Take a deep breath. The most hectic holidays of the year are almost behind us. There’s another one to come: New Year’s Eve.
For some of us, it’s a potential party night full of social anxiety and maybe some triggers around alcohol or substance abuse. For others, it can be a lonely night. And for some, it’s a time to take stock and plan for the year ahead, which in itself can provoke anxiety.
In the words of the late folksinger Jim Croce, “it doesn’t have to be this way.”
Trust me, it’s OK to skip the loud and crowded party. Being alone doesn’t have to feel lonely. And New Year’s Resolutions aren’t ironclad contracts of impossible, standards. While the rest of the holiday season is full of sharing and giving (both very good things), you can make New Year’s Eve and/or New Year’s Day all about you, your strength, your peace, and approach the start of a new year with grace, patience, and optimism.
Here are some things to consider for December 31 or January 1:
Plan Your Perfect Day
Whatever it is that you love, find the time and way to do it. Take a walk. Read a book. Organize a messy closet. Even if you do something you love for 10 minutes, carve out that time for you.
If you’re invited to a party, weigh your options. Do you really want to go? Will there be people there you enjoy? Will there be triggers that tempt your recovery or well-being? Gather the strength to say no if the gathering isn’t in your best interests. Your true friends/loved ones will understand.
Resolve to Make Reasonable Resolutions (if you want)
If you want to make resolutions, keep them reasonable and meaningful to your life goals. A small change now can lead to better feelings of accomplishment which can lead to another small change. Resolutions are tools for growth, not punishments for not being (ugh) perfect.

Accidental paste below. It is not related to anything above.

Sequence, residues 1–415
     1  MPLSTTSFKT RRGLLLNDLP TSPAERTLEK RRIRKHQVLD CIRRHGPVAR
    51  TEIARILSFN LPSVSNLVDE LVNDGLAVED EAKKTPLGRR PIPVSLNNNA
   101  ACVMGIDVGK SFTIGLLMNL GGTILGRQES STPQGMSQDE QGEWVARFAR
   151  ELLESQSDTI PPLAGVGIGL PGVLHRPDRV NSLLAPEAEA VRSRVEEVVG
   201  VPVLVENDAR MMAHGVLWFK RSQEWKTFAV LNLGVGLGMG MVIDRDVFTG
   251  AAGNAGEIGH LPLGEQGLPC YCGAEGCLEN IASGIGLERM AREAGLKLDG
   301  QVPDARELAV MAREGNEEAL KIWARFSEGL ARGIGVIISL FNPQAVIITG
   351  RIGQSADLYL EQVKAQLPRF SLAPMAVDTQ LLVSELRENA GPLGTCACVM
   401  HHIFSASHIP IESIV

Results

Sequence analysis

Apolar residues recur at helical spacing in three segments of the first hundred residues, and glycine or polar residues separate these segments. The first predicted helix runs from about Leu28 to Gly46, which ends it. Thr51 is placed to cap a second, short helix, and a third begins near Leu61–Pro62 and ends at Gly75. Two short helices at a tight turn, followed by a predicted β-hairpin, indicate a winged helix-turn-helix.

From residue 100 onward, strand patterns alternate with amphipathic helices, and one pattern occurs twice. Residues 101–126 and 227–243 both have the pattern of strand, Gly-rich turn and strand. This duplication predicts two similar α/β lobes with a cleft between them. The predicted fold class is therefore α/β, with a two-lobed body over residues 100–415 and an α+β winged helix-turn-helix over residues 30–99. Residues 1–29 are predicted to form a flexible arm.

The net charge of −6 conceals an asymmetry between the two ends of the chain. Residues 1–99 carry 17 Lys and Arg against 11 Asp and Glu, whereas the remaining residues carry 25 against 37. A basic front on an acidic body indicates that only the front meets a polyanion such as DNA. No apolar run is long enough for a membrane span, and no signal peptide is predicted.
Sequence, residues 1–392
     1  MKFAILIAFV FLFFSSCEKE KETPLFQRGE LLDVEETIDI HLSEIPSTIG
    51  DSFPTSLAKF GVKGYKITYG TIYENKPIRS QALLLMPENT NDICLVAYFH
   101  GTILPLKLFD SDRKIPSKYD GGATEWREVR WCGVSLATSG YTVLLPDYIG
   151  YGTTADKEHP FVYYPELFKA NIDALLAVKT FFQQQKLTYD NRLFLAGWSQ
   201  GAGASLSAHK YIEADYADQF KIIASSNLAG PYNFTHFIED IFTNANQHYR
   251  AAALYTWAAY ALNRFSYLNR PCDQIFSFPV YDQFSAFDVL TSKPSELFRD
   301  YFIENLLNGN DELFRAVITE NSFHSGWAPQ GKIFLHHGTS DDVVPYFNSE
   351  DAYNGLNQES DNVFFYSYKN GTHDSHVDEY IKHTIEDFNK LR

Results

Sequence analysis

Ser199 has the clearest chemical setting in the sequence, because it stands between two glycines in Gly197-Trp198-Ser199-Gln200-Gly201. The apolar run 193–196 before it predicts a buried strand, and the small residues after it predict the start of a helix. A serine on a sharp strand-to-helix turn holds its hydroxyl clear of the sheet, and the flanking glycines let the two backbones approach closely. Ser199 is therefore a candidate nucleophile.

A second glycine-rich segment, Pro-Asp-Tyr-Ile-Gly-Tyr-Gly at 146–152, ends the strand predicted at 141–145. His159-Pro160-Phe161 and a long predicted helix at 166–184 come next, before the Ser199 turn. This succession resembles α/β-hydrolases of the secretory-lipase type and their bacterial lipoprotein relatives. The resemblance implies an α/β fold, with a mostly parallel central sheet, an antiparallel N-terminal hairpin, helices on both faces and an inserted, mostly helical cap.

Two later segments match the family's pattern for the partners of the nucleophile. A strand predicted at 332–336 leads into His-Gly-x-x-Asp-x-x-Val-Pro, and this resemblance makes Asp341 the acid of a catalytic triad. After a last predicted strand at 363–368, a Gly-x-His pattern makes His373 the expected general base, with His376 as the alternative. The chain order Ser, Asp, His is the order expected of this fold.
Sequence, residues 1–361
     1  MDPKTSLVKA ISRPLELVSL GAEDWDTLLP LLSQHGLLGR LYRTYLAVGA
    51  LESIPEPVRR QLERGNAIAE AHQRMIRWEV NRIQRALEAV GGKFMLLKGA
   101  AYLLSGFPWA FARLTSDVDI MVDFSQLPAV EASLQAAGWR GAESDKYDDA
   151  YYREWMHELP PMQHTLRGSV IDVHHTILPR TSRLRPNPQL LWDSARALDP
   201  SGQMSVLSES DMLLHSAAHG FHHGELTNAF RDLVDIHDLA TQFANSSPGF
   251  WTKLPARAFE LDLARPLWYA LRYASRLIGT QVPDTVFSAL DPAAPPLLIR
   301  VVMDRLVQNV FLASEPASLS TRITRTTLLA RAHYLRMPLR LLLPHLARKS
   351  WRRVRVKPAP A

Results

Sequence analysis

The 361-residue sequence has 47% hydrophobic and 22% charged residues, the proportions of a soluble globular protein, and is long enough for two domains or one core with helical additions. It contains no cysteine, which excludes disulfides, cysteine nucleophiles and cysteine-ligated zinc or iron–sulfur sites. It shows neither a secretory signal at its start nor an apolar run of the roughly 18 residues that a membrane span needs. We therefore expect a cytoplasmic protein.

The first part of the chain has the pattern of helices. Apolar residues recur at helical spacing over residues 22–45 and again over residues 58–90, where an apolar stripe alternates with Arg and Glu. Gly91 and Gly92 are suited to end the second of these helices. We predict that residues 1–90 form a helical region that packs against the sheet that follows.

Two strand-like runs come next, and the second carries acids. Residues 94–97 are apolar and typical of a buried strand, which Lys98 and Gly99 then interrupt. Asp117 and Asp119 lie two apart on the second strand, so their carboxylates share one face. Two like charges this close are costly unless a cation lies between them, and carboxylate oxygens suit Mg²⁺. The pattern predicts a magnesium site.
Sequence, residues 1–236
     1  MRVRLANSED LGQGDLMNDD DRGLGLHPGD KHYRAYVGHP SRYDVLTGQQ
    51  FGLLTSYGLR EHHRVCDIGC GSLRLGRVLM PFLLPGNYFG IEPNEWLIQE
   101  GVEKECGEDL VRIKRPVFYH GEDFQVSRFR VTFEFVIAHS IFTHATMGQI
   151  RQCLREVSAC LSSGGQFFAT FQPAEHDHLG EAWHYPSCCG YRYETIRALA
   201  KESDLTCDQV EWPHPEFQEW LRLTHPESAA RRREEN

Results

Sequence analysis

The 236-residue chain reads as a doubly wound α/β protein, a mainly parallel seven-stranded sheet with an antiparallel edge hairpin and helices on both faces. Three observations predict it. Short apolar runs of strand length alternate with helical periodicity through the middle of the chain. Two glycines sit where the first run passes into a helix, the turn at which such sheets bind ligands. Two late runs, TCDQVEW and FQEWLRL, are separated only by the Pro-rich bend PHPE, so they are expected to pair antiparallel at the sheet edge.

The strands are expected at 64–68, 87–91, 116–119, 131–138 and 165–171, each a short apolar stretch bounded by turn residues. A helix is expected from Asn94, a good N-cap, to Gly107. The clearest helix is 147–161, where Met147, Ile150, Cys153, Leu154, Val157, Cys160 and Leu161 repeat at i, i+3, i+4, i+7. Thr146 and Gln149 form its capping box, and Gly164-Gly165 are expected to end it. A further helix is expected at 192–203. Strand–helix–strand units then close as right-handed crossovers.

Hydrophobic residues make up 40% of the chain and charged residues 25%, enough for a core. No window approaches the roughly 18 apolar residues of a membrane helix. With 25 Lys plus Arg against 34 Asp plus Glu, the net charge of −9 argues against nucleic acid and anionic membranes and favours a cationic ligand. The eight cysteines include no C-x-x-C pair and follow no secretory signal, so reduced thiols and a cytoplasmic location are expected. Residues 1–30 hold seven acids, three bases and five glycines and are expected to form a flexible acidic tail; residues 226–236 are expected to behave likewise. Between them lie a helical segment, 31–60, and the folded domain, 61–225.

Do Something for Someone Else and Let That Feed Your Soul
It’s true: your gift of time and talent to someone, anyone in need is good for you, too. I have a friend who spent Christmas morning volunteering for an agency that delivers food to homebound people. He has plenty of friends and family who would have welcomed his company and he has plenty of means to write a check to any number of charities. He felt his time was spent in service had higher value than just being ‘one in a crowd.’
Give Yourself Grace
Show yourself kindness and respect for being human.
Remember that change doesn’t have a calendar. January 1 is not a mandate to change your life for the better. Setting a goal or trying something new for yourself can happen on any day you decide is a good day.
Need a nudge? That’s OK, too. Find support from like-minded groups or friends. Turn to professional help when it’s needed, too.
Hey, it’s a whole new year with 366 (it’s a leap year!) days of opportunity. Some will be great, some may not be as good, and there is always hope and possibility.